Pick up a classic during annual Banned Books Week | Librarian's Desk

By Erin Peterson | Sep 22, 2018

Fall is in the air, and with it comes back-to-school assignments and cooler weather perfect for curling up inside with a good book or movie.

In the library world, fall also coincides with Banned Books Week, Sept. 23-29 this year. It is a time for libraries and the book community across the nation to celebrate everyone’s freedom to read.

As a librarian, Banned Books Week has always been one of my favorite yearly events. It highlights something that is truly special about my job and about the role of the public library in society in protecting free and open access to information.

This includes everyone’s right to read.

The public library has always been a place where people from all walks of life can go to access information of every type.

What an important tenet of our democracy this is, and what an honor to work in a profession that supports equal access to the library and its resources for all.

Historically, Harriet Beecher Stowe’s “Uncle Tom’s Cabin” is widely considered to be the first book in the United States to experience a large-scale ban at the national level. It was barred from stores both because of the heated debates it ignited about slavery and for its pro-abolitionist stance.

Over the course of time, many such banned books have been recognized for the important role they have played in the history of our country.

The list of banned books is long and broad. It includes many titles that are considered classics, and titles that may be future classics. Here are a few of my banned-book favorites, all available in the Sno-Isle Libraries catalog:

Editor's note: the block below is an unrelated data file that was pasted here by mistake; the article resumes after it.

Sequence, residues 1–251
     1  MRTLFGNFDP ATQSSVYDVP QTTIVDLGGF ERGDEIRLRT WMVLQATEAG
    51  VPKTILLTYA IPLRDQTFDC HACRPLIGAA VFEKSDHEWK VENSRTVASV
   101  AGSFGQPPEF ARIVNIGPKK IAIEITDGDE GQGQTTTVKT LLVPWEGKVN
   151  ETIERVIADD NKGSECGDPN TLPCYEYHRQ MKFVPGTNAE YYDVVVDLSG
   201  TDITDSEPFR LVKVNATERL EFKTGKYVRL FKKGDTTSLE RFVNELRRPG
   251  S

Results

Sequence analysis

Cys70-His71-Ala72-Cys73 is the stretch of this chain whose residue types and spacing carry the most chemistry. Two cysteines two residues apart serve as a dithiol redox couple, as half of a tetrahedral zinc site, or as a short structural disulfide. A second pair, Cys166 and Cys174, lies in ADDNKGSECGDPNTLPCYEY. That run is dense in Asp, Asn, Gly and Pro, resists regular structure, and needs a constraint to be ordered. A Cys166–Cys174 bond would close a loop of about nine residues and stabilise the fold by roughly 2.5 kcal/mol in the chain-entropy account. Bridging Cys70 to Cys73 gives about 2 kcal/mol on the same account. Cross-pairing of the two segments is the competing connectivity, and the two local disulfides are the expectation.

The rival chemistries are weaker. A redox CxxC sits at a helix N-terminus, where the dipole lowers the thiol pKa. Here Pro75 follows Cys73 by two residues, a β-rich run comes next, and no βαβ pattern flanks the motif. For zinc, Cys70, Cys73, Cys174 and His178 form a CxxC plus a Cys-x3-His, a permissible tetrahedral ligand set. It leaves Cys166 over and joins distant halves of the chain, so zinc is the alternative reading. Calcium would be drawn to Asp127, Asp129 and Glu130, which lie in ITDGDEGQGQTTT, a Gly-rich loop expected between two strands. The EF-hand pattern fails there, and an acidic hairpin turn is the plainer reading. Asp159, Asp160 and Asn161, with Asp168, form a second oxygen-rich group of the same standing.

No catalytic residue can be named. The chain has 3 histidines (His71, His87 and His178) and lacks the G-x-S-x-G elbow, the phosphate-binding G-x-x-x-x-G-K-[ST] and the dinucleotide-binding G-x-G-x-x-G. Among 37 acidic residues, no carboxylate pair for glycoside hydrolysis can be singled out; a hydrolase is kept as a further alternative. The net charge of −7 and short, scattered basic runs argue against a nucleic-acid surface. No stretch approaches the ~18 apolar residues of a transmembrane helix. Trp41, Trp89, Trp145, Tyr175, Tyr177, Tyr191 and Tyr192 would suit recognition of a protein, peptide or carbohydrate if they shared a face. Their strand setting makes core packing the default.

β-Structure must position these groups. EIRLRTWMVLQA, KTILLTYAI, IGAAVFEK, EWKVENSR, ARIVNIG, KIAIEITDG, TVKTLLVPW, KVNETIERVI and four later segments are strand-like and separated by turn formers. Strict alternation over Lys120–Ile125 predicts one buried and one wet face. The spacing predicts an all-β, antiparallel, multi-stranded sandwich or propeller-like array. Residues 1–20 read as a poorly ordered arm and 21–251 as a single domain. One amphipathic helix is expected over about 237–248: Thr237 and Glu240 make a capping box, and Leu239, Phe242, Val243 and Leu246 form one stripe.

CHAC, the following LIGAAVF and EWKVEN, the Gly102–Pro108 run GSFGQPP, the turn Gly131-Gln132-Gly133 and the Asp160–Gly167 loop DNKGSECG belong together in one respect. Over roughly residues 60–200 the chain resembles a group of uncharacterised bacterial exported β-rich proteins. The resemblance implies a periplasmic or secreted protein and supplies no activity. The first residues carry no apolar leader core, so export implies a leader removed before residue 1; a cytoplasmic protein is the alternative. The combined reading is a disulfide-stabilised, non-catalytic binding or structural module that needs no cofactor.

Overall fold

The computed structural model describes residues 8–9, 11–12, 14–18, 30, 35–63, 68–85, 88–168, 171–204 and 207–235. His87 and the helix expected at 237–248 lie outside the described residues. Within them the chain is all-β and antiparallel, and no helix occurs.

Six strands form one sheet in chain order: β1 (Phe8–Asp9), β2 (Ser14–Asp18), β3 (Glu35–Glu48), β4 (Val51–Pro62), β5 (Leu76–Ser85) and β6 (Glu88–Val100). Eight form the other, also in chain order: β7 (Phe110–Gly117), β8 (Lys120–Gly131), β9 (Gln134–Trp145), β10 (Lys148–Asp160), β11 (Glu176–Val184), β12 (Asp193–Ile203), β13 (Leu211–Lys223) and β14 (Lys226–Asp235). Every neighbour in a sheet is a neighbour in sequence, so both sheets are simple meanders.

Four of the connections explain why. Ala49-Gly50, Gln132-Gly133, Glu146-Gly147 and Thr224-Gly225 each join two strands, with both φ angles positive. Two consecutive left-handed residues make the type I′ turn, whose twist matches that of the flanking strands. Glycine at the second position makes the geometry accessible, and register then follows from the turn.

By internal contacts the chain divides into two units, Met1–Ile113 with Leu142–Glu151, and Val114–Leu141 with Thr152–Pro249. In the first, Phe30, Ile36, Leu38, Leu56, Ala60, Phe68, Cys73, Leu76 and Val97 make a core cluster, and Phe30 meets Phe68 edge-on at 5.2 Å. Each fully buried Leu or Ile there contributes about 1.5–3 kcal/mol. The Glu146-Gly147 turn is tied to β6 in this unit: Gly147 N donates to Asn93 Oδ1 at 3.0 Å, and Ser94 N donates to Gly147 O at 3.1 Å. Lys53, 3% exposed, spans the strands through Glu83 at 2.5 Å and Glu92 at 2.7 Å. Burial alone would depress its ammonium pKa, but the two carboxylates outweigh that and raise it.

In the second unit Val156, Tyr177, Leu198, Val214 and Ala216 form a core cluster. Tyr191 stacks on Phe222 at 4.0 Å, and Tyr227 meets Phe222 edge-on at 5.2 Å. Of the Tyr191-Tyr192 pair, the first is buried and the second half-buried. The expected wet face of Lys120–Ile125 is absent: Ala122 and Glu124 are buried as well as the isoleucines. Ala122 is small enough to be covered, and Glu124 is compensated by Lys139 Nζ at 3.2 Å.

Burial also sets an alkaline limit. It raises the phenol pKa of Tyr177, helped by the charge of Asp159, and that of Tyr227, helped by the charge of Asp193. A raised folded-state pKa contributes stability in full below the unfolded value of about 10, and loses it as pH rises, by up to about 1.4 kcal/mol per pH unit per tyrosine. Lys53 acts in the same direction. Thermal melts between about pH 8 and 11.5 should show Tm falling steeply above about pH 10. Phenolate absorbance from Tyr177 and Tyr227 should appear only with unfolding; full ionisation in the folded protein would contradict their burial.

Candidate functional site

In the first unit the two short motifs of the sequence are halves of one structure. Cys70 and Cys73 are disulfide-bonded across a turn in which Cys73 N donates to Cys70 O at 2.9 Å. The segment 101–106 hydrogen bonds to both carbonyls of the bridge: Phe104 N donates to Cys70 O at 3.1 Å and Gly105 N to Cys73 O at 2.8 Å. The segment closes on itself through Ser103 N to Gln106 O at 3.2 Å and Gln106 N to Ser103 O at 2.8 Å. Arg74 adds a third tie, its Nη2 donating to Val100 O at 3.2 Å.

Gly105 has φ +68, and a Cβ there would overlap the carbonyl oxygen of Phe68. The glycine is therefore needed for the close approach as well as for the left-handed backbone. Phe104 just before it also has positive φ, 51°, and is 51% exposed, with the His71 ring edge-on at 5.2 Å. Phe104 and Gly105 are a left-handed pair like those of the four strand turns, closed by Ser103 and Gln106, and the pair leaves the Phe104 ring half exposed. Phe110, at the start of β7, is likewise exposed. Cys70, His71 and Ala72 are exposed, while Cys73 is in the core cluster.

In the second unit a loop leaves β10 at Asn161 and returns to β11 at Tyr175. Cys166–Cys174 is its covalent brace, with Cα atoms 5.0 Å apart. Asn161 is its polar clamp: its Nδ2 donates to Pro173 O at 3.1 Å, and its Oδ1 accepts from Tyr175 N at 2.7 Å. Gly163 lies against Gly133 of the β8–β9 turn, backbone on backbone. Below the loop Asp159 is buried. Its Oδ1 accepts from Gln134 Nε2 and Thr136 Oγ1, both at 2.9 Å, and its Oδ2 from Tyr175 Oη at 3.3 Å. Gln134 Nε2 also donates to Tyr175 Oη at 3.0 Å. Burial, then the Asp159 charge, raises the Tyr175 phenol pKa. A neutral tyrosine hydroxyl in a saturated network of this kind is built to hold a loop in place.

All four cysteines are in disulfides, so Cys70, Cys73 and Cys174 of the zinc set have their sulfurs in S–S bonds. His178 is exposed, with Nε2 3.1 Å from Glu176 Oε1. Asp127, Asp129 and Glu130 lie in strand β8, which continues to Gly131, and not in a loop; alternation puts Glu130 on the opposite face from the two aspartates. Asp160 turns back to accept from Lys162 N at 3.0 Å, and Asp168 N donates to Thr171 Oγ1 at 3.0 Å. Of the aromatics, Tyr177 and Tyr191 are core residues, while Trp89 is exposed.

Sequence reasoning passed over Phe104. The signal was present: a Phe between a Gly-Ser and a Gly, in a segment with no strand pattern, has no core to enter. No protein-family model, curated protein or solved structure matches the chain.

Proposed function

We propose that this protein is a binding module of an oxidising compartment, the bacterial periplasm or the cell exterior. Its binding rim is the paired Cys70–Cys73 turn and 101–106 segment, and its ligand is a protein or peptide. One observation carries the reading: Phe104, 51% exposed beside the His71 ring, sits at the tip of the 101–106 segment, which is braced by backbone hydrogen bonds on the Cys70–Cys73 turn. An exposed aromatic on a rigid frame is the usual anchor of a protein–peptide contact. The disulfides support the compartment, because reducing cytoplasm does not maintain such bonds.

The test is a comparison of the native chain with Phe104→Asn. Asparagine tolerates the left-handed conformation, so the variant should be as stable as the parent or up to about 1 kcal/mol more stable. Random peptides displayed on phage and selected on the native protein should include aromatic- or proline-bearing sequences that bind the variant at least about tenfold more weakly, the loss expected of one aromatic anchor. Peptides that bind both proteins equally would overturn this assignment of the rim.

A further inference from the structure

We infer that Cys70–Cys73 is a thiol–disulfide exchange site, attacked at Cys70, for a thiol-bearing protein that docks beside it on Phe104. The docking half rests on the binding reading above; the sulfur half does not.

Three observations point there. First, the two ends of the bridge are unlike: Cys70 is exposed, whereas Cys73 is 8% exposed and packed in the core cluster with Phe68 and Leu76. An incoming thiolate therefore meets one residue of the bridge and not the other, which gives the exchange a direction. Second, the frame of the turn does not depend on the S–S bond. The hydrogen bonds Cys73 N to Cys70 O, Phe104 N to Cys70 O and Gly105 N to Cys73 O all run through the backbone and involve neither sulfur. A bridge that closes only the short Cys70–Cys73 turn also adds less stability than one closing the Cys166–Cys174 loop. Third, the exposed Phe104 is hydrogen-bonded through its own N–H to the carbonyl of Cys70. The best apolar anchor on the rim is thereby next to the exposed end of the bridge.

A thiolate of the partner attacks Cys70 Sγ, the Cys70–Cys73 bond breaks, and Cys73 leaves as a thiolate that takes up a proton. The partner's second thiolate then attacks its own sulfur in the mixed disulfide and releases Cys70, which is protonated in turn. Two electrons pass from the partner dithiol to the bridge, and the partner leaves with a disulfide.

“The Kite Runner” by Khaled Hosseini is the heartbreaking story of the unlikely and inseparable friendship between a wealthy Afghan boy and the son of his father's servant, both of whom are caught in the tragic sweep of history.

Published in the aftermath of America's invasion of Afghanistan, Hosseini's haunting writing brought a part of the world to vivid life for readers.

“To Kill A Mockingbird” by Harper Lee is about a young girl growing up in an Alabama town in the 1930s. She learns of injustice and violence when her father, a widowed lawyer, defends a black man falsely accused of rape.

“A Light in the Attic” by Shel Silverstein is a collection of humorous poems and drawings.

“Roll of Thunder, Hear My Cry” by Mildred Taylor tells the story of a black family living in Mississippi during the Depression of the 1930s faced with prejudice and discrimination, which its children do not understand.

“The Great Gatsby” is F. Scott Fitzgerald’s third book and stands as the supreme achievement of his career. This exemplary novel of the Jazz Age has been acclaimed by generations of readers.

For centuries, books have been challenged for reasons ranging from sexual content, to portrayals of alternative lifestyles, to racial themes.

For the past 30 years, libraries have celebrated each individual’s right to free and equal access to information and ideas and that these books still remain available.

So please, this fall, come into your local Edmonds Library – get some advice on resources for homework help, connect with your neighbors at a library program and, while you’re at it, enjoy your right to read and pick up a banned book from our display.

Erin Peterson is assistant managing librarian at the Edmonds Library.

 

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